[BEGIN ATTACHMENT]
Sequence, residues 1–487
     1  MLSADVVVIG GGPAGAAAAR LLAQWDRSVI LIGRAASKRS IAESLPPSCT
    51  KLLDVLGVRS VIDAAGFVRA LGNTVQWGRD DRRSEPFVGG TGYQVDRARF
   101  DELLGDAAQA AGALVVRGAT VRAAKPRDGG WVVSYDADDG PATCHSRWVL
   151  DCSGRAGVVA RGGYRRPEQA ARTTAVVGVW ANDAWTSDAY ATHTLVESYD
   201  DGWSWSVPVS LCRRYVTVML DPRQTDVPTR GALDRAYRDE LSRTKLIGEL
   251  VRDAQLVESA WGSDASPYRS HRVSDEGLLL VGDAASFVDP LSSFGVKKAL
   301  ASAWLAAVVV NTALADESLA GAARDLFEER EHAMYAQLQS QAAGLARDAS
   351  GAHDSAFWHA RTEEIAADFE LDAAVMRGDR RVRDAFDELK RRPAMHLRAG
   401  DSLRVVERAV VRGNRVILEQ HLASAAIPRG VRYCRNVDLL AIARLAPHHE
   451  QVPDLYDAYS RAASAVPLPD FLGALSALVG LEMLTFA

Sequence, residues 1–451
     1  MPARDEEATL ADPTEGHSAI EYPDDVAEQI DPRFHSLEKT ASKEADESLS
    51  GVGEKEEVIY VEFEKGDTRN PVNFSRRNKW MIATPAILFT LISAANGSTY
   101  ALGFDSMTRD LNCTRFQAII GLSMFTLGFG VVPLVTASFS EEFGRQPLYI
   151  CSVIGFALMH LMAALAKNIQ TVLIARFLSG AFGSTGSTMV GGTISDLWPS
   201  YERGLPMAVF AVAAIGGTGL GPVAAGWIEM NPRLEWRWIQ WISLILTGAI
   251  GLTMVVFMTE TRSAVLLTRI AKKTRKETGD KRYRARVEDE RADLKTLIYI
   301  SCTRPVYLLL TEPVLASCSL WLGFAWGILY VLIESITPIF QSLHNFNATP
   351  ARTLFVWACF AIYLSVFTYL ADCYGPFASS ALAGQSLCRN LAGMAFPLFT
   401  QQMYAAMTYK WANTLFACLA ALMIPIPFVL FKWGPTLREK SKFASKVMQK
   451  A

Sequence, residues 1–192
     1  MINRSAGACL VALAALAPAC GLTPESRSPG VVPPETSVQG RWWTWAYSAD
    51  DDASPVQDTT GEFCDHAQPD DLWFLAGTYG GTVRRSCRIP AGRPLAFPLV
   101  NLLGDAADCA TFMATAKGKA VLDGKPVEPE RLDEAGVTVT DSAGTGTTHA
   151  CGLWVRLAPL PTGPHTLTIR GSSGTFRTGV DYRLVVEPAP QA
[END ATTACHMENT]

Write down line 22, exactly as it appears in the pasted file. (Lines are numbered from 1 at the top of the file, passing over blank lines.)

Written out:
   451  A